He was quite lucky in another way. He was able to secure the last of eight spots in the dialysis program comprised of two sessions a day - one in the morning and one in the afternoon.

“There are elderly people there. I really feel for them. They (will now) have to go an hour earlier than usual. Definitely it’s a safety issue in the winter time.”

He noted, however, at least two patients living in the Tyne Valley area, now receiving dialysis at Western, will travel a similar distance to Summerside, perhaps even shorter.

Trent said he can’t understand why the services around for only five or six years were being transferred to Summerside.

“We just got it going and the government acknowledges there’s going to be more of a demand for kidney dialysis. Why would you get rid of something you already have?”

The Alberton patient said he is very impressed with the level of care he has received from dialysis staff at the hospital.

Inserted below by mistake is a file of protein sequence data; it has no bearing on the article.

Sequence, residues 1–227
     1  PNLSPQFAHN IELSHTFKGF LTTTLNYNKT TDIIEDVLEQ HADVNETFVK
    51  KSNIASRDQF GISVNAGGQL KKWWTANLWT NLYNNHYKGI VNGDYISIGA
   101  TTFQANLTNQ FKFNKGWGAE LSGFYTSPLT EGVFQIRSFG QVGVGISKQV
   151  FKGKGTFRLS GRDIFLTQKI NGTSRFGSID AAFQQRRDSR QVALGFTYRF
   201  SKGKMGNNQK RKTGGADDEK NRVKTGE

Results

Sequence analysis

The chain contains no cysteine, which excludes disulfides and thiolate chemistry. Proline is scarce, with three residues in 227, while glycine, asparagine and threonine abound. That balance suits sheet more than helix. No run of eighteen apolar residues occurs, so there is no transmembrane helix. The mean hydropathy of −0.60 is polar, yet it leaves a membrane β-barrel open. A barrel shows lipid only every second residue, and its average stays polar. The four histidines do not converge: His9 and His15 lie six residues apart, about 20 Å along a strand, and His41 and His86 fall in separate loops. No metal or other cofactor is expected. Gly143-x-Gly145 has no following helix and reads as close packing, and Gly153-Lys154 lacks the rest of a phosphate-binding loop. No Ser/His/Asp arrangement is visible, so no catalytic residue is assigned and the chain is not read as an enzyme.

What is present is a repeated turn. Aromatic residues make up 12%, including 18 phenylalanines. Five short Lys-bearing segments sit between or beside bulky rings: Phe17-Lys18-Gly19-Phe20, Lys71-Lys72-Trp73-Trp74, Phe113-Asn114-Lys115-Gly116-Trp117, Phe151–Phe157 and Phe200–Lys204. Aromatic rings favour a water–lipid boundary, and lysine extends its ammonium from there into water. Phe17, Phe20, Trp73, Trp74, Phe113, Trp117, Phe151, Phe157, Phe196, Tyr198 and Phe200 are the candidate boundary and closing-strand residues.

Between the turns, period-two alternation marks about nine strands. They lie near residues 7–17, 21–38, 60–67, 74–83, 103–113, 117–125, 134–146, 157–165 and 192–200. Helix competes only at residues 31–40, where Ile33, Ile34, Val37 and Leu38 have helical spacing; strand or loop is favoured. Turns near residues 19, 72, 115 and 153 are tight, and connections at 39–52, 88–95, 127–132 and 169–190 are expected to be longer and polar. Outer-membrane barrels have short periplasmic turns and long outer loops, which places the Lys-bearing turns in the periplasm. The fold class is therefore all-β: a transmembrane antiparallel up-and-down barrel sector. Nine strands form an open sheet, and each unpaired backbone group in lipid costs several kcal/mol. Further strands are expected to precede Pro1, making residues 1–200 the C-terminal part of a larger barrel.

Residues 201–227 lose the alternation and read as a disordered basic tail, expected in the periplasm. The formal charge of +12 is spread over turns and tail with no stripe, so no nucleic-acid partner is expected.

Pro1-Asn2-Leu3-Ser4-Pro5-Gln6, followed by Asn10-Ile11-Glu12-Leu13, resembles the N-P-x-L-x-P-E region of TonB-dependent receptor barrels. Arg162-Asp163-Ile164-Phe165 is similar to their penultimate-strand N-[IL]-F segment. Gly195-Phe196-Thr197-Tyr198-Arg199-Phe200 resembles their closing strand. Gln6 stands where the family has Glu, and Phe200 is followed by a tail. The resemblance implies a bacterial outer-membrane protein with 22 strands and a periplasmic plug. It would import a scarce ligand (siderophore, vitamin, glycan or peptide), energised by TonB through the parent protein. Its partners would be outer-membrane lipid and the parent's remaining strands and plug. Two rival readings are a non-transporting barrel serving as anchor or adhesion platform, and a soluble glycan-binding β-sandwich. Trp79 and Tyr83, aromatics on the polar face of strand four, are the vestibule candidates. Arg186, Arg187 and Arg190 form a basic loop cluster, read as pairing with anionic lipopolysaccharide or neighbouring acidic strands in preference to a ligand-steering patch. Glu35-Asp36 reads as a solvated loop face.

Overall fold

“I just don’t understand. There’s no issues at the facility. We have four machines up here, we can (accommodate) eight people and that’s only three days a week. If we doing the same as Summerside we could take more.”

Unlike many other procedures and appointments where patients have some flexibility in terms of scheduling and travel, that isn’t the case with dialysis.

Dangerous fluids can build up in a dialysis patients’ blood stream that have to flushed within a short period of time. Waiting for blizzards and other storms to pass simply isn’t an option, he said.

Meanwhile, Andrew MacDougall, the Health PEI’s acting executive director, home-based long term care, acknowledges a number of patients will face some challenges, but every effort will be made to ensure they get the best care possible in an institution boasting the latest medical technology and resources.

Prince County Hospital’s dialysis department is being expanded to serve a maximum of 54 dialysis patients from the current 24. Services are also being consolidated at Charlottetown’s Queen Elizabeth Hospital with the expected move of five patient seats to the hospital from Souris, bringing the total number of dialysis patients served in the province to 138 from the current 79.

Mr MacDougall said rising rates of diabetes and heart disease mean that demand for hemodialysis units will continue to grow in coming years and steps have to be taken to prepare for that onslaught of new patients.